Video: El Jefe’s Taqueria Granted Extended Hours despite BU Fears of Police Incidents
Boston Licensing Board greenlights 3 am closing for popular West Campus eatery
Two Domino’s outlets bracketing campus “are both open till 3 am, and BU advertises that they’re open, that students can get pizzas from them until 3 am,” Schall tells BU Today.
“El Jefe’s has been a very good neighbor, and the food is very good,” says Kelly Nee, BU chief safety, security, and preparedness officer. “My concern is that there is nothing open in the area until 3 am.”
Nee says she recommended that the Licensing Board permit an extra hour of operation, to 2 am. In light of the board’s decision to stick with 3, she says, “we will monitor and see how it goes. It is located in Boston Police jurisdiction, but we can certainly assist if an emergency arises.
“As puritanical as I may seem, my number one priority is to keep our community as safe as possible.”
A petition for the 3 am closure posted by El Jefe’s garnered about 1,500 signatures, and “that was absolutely crucial to the Licensing Board,” Schall says. About 600 signatories were students, the rest late-shift workers, who “could have been firefighters and paramedics or hospitality workers.” he says.
Why would you penalize [hundreds of customers] because of the behavior of a couple of drunk knuckleheads?
The petition read in part: “Most nights we have a line of customers at 1 am when we close that we must turn away and can’t serve.” Schall says that on December 15, the first business day introducing the new closing, 50 to 60 customers came between 1 and 3 am, and the next night 220 showed.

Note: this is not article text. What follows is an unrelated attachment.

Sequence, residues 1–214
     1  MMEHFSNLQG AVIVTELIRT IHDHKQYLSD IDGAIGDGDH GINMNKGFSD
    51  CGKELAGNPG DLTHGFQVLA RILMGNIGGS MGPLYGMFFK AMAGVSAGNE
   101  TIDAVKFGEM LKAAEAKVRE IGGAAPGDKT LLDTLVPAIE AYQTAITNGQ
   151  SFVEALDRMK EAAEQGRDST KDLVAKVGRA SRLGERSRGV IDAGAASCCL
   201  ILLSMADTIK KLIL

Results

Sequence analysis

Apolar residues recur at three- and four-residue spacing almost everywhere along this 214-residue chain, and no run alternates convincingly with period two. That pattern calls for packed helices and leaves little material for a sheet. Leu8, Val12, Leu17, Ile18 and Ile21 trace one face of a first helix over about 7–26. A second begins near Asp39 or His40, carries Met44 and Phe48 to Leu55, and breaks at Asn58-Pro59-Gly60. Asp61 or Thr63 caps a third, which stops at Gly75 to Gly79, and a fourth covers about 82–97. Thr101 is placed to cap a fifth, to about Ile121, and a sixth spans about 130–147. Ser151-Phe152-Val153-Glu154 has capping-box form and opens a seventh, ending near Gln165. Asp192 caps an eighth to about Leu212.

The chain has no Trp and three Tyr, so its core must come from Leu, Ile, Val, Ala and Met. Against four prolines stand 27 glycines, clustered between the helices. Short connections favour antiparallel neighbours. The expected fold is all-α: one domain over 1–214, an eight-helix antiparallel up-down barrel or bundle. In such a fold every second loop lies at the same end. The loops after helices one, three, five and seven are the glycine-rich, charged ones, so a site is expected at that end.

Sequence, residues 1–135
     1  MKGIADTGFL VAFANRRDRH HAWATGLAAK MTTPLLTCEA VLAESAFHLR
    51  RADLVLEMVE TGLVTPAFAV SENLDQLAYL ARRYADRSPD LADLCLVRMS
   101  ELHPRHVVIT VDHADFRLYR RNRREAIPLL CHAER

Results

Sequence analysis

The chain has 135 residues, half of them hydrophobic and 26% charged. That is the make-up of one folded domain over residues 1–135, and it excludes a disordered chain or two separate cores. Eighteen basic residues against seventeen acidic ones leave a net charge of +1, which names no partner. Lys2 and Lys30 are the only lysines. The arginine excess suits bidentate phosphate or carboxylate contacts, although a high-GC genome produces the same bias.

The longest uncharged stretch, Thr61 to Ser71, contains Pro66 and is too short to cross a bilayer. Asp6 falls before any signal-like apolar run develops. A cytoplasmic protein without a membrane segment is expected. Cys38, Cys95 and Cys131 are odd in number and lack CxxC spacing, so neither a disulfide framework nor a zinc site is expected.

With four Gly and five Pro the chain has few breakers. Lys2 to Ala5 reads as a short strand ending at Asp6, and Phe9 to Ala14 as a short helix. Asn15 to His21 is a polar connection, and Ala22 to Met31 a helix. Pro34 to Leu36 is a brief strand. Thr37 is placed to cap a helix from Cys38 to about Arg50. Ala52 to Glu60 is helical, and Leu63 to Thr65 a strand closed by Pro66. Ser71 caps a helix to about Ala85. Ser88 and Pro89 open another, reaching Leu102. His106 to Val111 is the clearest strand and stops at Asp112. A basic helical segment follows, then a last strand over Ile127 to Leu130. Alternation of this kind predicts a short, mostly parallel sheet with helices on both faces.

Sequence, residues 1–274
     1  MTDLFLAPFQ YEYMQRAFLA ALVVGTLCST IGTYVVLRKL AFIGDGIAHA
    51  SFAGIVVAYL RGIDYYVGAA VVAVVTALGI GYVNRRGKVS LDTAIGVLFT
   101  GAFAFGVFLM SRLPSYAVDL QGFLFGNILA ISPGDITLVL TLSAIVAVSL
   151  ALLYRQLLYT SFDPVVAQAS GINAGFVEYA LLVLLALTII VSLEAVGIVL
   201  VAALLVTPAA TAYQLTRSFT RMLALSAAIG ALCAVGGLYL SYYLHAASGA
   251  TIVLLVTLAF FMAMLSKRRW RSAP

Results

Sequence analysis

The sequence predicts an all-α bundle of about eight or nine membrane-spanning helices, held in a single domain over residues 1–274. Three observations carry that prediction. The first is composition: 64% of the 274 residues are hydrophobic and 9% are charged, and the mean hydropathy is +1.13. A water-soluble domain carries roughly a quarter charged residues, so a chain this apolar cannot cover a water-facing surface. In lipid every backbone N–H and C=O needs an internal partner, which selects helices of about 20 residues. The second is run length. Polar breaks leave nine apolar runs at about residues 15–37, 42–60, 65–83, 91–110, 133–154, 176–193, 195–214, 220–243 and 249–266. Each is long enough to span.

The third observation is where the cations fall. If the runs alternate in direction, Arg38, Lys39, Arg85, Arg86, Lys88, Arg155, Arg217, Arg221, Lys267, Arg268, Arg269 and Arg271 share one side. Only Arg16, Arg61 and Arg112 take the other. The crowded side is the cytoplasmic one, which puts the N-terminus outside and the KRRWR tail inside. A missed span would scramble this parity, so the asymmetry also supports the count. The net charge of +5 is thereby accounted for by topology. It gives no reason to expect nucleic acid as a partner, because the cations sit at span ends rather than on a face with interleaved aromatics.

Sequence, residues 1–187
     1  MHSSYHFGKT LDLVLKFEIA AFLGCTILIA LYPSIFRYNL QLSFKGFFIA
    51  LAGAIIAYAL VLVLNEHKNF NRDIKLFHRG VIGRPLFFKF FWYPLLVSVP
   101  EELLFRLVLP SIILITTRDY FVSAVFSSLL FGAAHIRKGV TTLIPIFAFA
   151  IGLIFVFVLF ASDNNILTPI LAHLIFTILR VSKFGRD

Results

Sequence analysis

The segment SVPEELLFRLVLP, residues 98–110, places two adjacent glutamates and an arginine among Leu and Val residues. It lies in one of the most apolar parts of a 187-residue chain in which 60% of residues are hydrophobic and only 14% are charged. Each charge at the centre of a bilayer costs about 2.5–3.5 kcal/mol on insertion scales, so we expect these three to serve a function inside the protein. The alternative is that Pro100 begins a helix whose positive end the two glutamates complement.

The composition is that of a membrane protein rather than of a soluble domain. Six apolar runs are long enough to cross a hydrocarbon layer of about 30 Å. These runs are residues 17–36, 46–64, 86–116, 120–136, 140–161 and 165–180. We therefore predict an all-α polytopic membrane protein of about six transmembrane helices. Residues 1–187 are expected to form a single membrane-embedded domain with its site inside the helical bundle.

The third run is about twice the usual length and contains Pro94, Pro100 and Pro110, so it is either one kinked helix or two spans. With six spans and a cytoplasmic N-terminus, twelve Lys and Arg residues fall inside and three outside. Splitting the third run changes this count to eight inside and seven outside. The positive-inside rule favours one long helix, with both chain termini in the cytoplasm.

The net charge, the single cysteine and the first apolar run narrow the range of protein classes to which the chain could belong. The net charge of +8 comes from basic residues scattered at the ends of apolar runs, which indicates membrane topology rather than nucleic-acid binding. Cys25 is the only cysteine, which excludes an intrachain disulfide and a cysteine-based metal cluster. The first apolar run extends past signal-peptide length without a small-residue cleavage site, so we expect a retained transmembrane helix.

The petition said that none of El Jefe’s Boston restaurants serve alcohol and touted the business’ “strong track record on public safety, security and being good neighbors by taking quality of life concerns seriously. We work hand in hand with the Boston Police.”
“We’ve been open until late night in Harvard Square for almost seven years now,” Schall adds, “and we just don’t have issues. It’s not that there isn’t once in a while…people that come in there that have had a little bit to drink; that’s certainly true. But they’re not troublemakers.”
As for the “incredibly rare exceptions to that,” he says, “why would you prevent literally hundreds and hundreds of people every night that legitimately want a place to have healthy, nutritious, inexpensive, great Mexican street food? Why would you penalize them because of the behavior of a couple of drunk knuckleheads?”
Earlier last year, based on similar BU objections, the board turned down Schall’s request for a 4 am closure. The 3 am closing is “a little bit of a compromise on our part,” Schall says, but it still meets a key goal: El Jefe’s employees must linger after closing to spend time on cleaning and next-day prep work before leaving on public transit, which doesn’t start service until 5 am. Serving customers for two additional hours significantly cuts employees’ wait between prep work and catching a ride home.
The chain runs eight restaurants in the Northeast, four in Greater Boston. Besides the BU location, El Jefe’s operates in Harvard Square (closing at 4 am), on Huntington Avenue (closing at 3 am), and at the Boston Common (closing at 2 am).
It’s about time! When I was an undergrad only a few years ago there was almost nothing open late and it would have been so nice to have had a place like El Jefe’s to go to after a late shift or a late night studying. This fills a much needed gap. Dominos pizza certainly has its place, but it is quite unhealthy, not all that good, and nowhere near the quality of El Jefe’s. So happy about this news, even though I no longer live in the area.